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Annales Geophysicae An interactive open-access journal of the European Geosciences Union
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Volume 18, issue 11
Ann. Geophys., 18, 1435–1446, 2000
https://doi.org/10.1007/s00585-000-1435-6
© European Geosciences Union 2000
Ann. Geophys., 18, 1435–1446, 2000
https://doi.org/10.1007/s00585-000-1435-6
© European Geosciences Union 2000

  30 Nov 2000

30 Nov 2000

A modelling study of the latitudinal variations in the nighttime plasma temperatures of the equatorial topside ionosphere during northern winter at solar maximum

G. J. Bailey1, M. H. Denton1, R. A. Heelis2, and S. Venkatraman2 G. J. Bailey et al.
  • 1Department of Applied Mathemathics, University of Sheffield, Sheffield S3 7RH, UK
  • 2William B. Hanson Center for Space Sciences, University of Texas at Dallas, Richardson, Texas

Abstract. Latitudinal variations in the nighttime plasma temperatures of the equatorial topside ionosphere during northern winter at solar maximum have been examined by using values modelled by SUPIM (Sheffield University Plasmasphere Ionosphere Model) and observations made by the DMSP F10 satellite at 21.00 LT near 800 km altitude. The modelled values confirm that the crests observed near 15° latitude in the winter hemisphere are due to adiabatic heating and the troughs observed near the magnetic equator are due to adiabatic cooling as plasma is transported along the magnetic field lines from the summer hemisphere to the winter hemisphere. The modelled values also confirm that the interhemispheric plasma transport needed to produce the required adiabatic heating/cooling can be induced by F-region neutral winds. It is shown that the longitudinal variations in the observed troughs and crests arise mainly from the longitudinal variations in the magnetic meridional wind. At longitudes where the magnetic declination angle is positive the eastward geographic zonal wind combines with the northward (summer hemisphere to winter hemisphere) geographic meridional wind to enhance the northward magnetic meridional wind. This leads to deeper troughs and enhanced crests. At longitudes where the magnetic declination angle is negative the eastward geographic zonal wind opposes the northward geographic meridional wind and the trough depth and crest values are reduced. The characteristic features of the troughs and crests depend, in a complicated manner, on the field-aligned flow of plasma, thermal conduction, and inter-gas heat transfer. At the latitudes of the troughs/crests, the low/high plasma temperatures lead to increased/decreased plasma concentrations.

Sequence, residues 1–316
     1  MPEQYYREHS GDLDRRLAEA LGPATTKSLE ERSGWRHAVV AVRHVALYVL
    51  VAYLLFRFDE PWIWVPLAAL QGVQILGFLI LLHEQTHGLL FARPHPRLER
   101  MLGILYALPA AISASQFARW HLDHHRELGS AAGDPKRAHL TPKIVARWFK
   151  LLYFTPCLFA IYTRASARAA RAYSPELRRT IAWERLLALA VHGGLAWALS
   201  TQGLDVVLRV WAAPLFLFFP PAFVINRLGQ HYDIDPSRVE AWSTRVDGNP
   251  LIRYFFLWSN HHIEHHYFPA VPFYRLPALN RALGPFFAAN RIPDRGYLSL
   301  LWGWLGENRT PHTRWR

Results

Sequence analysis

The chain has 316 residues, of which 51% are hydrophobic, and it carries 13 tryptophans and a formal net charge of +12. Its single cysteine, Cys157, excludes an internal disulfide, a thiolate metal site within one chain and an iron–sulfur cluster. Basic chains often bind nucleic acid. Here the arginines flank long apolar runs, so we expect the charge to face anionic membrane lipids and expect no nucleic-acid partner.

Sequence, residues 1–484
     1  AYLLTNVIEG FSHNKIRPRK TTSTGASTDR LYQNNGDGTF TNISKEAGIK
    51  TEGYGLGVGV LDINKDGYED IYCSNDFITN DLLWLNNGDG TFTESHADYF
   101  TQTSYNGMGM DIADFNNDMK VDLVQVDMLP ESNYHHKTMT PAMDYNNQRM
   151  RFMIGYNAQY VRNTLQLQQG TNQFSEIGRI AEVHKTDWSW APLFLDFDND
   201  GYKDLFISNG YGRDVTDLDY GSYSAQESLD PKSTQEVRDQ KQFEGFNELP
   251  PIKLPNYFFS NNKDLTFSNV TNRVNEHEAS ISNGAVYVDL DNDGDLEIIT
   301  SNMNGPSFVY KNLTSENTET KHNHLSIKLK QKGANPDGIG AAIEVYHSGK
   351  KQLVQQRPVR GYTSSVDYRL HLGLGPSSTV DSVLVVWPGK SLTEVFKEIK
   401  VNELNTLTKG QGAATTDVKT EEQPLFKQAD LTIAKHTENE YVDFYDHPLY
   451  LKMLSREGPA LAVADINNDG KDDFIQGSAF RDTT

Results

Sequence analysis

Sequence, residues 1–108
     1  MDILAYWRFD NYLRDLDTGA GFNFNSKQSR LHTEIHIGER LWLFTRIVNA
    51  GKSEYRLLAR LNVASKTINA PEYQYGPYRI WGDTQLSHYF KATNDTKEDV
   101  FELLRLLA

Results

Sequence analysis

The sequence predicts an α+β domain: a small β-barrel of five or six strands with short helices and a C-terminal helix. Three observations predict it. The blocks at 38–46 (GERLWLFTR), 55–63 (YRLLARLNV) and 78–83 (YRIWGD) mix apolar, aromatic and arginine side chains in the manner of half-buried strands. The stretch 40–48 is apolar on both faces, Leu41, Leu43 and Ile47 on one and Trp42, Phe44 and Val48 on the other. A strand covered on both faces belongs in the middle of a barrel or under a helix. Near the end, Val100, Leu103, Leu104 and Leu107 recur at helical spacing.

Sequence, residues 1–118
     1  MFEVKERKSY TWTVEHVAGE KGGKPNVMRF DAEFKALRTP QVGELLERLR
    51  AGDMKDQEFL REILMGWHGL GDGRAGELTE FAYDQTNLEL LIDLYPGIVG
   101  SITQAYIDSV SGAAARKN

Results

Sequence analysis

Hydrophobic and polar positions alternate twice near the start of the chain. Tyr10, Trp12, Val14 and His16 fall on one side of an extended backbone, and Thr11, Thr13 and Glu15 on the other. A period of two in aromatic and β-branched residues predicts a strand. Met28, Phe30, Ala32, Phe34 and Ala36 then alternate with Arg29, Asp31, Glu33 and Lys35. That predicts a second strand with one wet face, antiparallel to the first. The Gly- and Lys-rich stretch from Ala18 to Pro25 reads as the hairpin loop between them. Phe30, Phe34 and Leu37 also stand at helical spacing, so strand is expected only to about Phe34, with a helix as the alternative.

Key words: Ionosphere (equatorial ionosphere; ionosphere-atmosphere interactions)

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